Archive for December, 2014

imageChristmas: Unwrapped or Unravelled?

Christmas has enjoyed a rather convoluted history in America, contrary to the prevailing notion that we’ve always celebrated it, and that we’ve always celebrated it in this particular way.  The truth of the matter is, that hasn’t been the case at all.  To cite but one example, the Puritans in 17th-century New England forbade any and all observance of Christmas.  For them the feast was a painful reminder of lingering Catholic piety within the Church of England.  They had fled that sort of thing once already, and they were not about to let something like that stain their pure Christian polity.  For that reason, Christmas was declared — by law — to be a workday.

Needless to say, over time the Puritans have lost most of the battles when it came to Christmas, but ironically they may finally win the war.  They’d be miffed at the thought that nearly everyone gets Christmas day off, but we’re not that far from the day when “post-Christmas sales” will begin on Christmas Eve.  And if that ever happens, then the Puritans can take heart.  They labored under the notion that Christmas was a religious feast, and it never dawned on them that it might become the alpha and omega of the mercantile calendar.  It’s odd that they did not see that coming, but there you have it.  Quite unexpectedly, modern merchants might very well transform Christmas into what it once was, just another workday.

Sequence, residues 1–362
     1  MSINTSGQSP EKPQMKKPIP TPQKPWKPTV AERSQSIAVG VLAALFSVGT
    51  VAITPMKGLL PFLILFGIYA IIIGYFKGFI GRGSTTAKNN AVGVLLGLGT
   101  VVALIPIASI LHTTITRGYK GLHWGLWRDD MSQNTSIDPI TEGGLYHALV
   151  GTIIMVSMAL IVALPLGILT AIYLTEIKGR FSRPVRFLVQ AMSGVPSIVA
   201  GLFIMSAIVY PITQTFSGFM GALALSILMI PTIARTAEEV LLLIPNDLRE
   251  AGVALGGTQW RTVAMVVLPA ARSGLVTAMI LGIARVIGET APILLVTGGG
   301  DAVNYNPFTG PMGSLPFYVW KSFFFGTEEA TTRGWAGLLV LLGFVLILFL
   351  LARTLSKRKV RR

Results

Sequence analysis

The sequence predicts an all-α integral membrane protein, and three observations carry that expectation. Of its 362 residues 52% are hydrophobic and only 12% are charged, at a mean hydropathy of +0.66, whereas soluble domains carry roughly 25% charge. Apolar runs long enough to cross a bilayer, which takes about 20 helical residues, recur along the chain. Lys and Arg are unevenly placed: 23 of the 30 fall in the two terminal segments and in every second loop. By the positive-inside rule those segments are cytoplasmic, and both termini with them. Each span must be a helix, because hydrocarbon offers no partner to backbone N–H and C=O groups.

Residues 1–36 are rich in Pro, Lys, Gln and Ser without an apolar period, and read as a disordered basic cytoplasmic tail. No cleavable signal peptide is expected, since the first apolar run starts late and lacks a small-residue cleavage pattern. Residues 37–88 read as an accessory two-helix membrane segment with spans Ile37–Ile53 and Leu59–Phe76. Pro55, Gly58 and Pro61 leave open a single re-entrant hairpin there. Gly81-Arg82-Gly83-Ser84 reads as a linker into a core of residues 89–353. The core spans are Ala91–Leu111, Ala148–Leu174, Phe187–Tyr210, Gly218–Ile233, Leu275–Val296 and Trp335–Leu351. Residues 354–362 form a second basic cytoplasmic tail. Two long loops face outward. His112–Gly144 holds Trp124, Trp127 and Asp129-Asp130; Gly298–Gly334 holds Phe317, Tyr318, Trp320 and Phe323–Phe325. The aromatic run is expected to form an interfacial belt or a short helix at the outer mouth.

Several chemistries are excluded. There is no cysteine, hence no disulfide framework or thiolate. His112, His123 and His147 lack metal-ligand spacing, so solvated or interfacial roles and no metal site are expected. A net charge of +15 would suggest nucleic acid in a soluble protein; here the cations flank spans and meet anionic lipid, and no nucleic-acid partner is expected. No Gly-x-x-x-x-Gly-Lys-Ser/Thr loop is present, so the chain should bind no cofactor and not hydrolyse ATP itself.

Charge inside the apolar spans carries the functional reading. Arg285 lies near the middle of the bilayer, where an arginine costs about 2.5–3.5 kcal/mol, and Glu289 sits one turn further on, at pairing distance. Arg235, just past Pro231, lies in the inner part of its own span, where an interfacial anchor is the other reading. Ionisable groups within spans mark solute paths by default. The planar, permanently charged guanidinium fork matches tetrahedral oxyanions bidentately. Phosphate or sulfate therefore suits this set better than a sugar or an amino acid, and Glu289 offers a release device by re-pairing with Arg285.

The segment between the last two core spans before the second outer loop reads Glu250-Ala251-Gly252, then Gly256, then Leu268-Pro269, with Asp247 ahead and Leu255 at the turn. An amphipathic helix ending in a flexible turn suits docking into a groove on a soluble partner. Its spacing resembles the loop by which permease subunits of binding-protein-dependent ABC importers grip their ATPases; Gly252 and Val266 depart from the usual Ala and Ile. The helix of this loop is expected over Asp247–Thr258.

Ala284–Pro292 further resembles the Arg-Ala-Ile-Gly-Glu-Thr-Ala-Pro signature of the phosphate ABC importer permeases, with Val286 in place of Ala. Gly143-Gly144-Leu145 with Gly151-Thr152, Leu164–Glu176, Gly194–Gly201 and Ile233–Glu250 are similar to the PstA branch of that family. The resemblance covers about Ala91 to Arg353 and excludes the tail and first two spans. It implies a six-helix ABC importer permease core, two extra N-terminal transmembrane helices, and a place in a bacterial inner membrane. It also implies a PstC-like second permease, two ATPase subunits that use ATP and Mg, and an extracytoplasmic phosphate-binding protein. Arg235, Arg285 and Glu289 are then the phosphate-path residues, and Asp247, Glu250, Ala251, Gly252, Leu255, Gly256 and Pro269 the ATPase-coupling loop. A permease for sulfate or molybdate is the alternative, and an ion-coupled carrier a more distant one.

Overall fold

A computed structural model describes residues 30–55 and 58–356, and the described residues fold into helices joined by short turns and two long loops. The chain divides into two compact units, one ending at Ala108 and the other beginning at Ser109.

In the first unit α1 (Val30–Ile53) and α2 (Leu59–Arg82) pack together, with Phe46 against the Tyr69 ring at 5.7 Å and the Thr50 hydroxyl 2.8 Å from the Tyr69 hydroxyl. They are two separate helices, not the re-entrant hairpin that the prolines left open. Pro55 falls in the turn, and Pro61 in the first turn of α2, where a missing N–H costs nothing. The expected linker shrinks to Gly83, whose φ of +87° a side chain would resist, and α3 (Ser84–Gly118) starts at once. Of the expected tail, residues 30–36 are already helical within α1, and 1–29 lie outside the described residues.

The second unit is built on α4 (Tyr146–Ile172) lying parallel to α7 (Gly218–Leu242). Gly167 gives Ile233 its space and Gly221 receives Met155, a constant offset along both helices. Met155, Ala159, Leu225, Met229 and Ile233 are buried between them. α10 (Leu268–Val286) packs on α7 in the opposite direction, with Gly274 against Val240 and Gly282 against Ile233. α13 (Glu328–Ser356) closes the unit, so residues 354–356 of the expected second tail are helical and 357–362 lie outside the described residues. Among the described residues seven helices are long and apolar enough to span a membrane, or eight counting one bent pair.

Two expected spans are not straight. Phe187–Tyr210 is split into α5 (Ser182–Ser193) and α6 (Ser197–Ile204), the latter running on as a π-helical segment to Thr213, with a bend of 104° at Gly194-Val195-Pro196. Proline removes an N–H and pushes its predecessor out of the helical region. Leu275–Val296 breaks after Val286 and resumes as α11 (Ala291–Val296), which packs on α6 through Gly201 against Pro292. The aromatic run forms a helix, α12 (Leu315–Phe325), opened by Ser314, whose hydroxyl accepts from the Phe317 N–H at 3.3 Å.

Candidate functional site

imageBesides its role as the high feast of our consumer economy, Christmas has also assumed an outsized role as the barometer of family health.  This time of year pundit after pundit parades before the cameras to assert that “Christmas is all about family!”  And if I as a Christian beg to differ ever so slightly, I’ll concede the point from a social point of view.  For better or for worse, Christmas today looms large as a social experience, and in some circles it can have the feel of a test or even a battle.  So it is that while some families emerge from Christmas with bonds of love and affection deepened, still others can point back to the moment at the Christmas table when the faultlines in the family cracked wide open for all to see.

To that very point a Christmas Eve talk show devoted quite a bit of discussion.  A panel of three wise men had summoned a psychologist to explain why Christmas had become such a perilous time, and they asked what family members could do to avoid a total meltdown.